<pre><code>import numpy
import scipy.interpolate
n = 10
numbers = numpy.random.random_sample( ( n**3, ) )
data = numpy.reshape( numbers, (n,n,n) )
xi = yi = zi = np.linspace(1, n, n)
interp = scipy.interpolate.RegularGridInterpolator((xi,yi,zi), data)
var('x,y,z')
test = implicit_plot3d( lambda x,y,z: interp( (x,y,z) )
, (x,1,n)
, (y,1,n)
, (z,1,n)
, plot_points=60, color='seagreen', contour=0.5)
test.show()
</code></pre>
<p>My favorite values for <code>n</code> were in the tests $3$ or $5$, to make the machine less angry. And for the numbers, it was <code>numbers = [ 1 for _ in range(n**3) ]</code> .</p>
<p>The difference is the use of <code>lambda x,y,z: interp( (x,y,z) )</code> instead of <code>interp</code>.</p>
http://ask.sagemath.org/question/38741/empty-graph-using-implicit_plot3d-with-contour-option/?comment=38772#post-id-38772Thank you for your ideas!
I do not think it is because of the interpolation; commenting out the lines
test =...
test.show()
and starting sage takes about 2 seconds for the whole process (n=2).
The trick with the brackets [()] doesn't seem to have any impact, for n=2 with and without brackets sage needs about 2 minutes on my computer.
Later I will try the matplotlib contour3D function (not sure if they are suited to this problem), maybe they are faster... (http://matplotlib.org/mpl_toolkits/mplot3d/api.html?highlight=contour3d#mpl_toolkits.mplot3d.axes3d.Axes3D.contour3D)Sat, 09 Sep 2017 08:45:33 -0500http://ask.sagemath.org/question/38741/empty-graph-using-implicit_plot3d-with-contour-option/?comment=38772#post-id-38772Comment by dan_fulea for <p>The following works for me:</p>
<pre><code>import numpy
import scipy.interpolate
n = 10
numbers = numpy.random.random_sample( ( n**3, ) )
data = numpy.reshape( numbers, (n,n,n) )
xi = yi = zi = np.linspace(1, n, n)
interp = scipy.interpolate.RegularGridInterpolator((xi,yi,zi), data)
var('x,y,z')
test = implicit_plot3d( lambda x,y,z: interp( (x,y,z) )
, (x,1,n)
, (y,1,n)
, (z,1,n)
, plot_points=60, color='seagreen', contour=0.5)
test.show()
</code></pre>
<p>My favorite values for <code>n</code> were in the tests $3$ or $5$, to make the machine less angry. And for the numbers, it was <code>numbers = [ 1 for _ in range(n**3) ]</code> .</p>
<p>The difference is the use of <code>lambda x,y,z: interp( (x,y,z) )</code> instead of <code>interp</code>.</p>
http://ask.sagemath.org/question/38741/empty-graph-using-implicit_plot3d-with-contour-option/?comment=38770#post-id-38770Yes, thanks, that `np.linspace(1, n, n)` should be `numpy.linspace(1, n, n)` . (Too much copy+paste.)
For the performance... maybe the reason is the "complicated" type of the result of interpolation. With the above notations, we have for instance (this time):
sage: v = interp( (1,1,1) )
sage: v
array(0.4639585570135113)
and it is not obvious to make a number out of `v`. The trick is to call "v of nothing", `v[ () ]` to get:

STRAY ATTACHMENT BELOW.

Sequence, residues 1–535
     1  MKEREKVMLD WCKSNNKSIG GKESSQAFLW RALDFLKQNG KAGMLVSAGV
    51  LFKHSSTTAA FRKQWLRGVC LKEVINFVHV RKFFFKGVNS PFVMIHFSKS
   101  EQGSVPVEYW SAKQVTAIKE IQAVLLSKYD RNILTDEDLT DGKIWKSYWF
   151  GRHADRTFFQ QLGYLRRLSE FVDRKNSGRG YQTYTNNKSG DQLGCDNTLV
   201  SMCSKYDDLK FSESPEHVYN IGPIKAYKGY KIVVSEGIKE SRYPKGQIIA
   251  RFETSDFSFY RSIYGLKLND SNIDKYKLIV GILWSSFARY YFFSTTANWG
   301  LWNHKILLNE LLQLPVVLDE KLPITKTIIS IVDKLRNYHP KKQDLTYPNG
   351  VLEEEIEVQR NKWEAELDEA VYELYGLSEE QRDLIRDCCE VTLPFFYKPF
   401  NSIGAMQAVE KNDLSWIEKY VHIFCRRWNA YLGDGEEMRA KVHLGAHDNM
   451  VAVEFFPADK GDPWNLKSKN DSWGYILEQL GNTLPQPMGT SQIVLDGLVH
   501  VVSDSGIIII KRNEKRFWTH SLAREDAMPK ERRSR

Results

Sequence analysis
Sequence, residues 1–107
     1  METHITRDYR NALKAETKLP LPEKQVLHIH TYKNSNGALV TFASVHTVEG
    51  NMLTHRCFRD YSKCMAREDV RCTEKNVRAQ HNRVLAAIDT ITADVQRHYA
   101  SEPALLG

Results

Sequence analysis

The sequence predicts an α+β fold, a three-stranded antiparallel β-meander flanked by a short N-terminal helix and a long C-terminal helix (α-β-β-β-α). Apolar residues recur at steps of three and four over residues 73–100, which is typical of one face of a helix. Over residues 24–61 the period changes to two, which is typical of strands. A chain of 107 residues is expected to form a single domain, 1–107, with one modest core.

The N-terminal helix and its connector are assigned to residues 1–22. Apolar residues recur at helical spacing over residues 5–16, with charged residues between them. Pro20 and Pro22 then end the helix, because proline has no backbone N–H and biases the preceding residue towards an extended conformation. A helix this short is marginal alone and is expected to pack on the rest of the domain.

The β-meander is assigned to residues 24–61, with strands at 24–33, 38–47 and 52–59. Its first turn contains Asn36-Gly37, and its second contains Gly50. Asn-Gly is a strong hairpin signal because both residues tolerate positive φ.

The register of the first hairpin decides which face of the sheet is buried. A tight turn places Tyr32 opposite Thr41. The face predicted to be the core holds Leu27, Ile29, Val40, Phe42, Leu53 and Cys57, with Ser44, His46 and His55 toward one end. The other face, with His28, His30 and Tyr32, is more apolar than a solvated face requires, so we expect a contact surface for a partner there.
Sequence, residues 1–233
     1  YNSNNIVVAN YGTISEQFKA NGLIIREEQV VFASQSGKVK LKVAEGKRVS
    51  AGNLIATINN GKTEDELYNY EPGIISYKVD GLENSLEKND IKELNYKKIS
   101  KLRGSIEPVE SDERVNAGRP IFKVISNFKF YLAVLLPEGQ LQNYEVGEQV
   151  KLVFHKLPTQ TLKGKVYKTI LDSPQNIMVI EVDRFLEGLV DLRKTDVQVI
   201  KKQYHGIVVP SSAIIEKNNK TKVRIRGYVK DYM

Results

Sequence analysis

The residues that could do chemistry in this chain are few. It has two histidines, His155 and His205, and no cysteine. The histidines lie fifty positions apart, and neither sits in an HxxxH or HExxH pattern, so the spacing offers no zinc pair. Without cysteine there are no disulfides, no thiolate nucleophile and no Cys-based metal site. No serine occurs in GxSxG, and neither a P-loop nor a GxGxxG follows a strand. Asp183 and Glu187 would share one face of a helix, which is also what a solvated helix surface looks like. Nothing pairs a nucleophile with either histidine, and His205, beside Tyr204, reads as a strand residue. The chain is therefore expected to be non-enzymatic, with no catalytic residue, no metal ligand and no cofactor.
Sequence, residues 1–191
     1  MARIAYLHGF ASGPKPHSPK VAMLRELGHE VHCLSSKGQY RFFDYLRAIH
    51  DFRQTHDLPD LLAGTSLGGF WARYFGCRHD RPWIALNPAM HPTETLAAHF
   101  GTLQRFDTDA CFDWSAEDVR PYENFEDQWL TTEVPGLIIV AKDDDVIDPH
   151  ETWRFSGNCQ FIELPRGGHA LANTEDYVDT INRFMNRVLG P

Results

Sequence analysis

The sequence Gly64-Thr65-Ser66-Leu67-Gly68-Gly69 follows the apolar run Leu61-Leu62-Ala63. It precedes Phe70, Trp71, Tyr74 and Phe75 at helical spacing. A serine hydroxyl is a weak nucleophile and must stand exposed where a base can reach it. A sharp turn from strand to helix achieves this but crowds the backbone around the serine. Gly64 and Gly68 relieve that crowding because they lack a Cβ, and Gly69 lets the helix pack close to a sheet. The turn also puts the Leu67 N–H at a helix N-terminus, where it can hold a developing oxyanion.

sage: v[()]
0.4639585570135113
and the implicit plot also has to find this or his way. So i tried
test = implicit_plot3d( lambda x,y,z: interp( (x,y,z) )[()]
, (x,1,n), (y,1,n), (z,1,n)
, plot_points=60, color='seagreen', contour=0.5 )
Or maybe the interpolation kills the performance.Sat, 09 Sep 2017 07:26:40 -0500http://ask.sagemath.org/question/38741/empty-graph-using-implicit_plot3d-with-contour-option/?comment=38770#post-id-38770Comment by os for <p>The following works for me:</p>
<pre><code>import numpy
import scipy.interpolate
n = 10
numbers = numpy.random.random_sample( ( n**3, ) )
data = numpy.reshape( numbers, (n,n,n) )
xi = yi = zi = np.linspace(1, n, n)
interp = scipy.interpolate.RegularGridInterpolator((xi,yi,zi), data)
var('x,y,z')
test = implicit_plot3d( lambda x,y,z: interp( (x,y,z) )
, (x,1,n)
, (y,1,n)
, (z,1,n)
, plot_points=60, color='seagreen', contour=0.5)
test.show()
</code></pre>
<p>My favorite values for <code>n</code> were in the tests $3$ or $5$, to make the machine less angry. And for the numbers, it was <code>numbers = [ 1 for _ in range(n**3) ]</code> .</p>
<p>The difference is the use of <code>lambda x,y,z: interp( (x,y,z) )</code> instead of <code>interp</code>.</p>
http://ask.sagemath.org/question/38741/empty-graph-using-implicit_plot3d-with-contour-option/?comment=38768#post-id-38768Thank you very much for your answer, I wasn't familiar with lambda functions. However, I am still a little bit confused, why it takes so long to make the implicit_plot3d.
In mathematica the in my opinion equivalent function would be ContourPlot3D (http://reference.wolfram.com/language/ref/ContourPlot3D.html). I already used it to plot interpolated functions to 50x50x50 matrices and it seems to be considerably faster, or in other words with implicit_plot3D it doesn't seem to be possible to do that for n=50.
Any ideas on that?
Ps. I think it should be numpy.linspace instead of np.linspace (line 7)Sat, 09 Sep 2017 02:34:13 -0500http://ask.sagemath.org/question/38741/empty-graph-using-implicit_plot3d-with-contour-option/?comment=38768#post-id-38768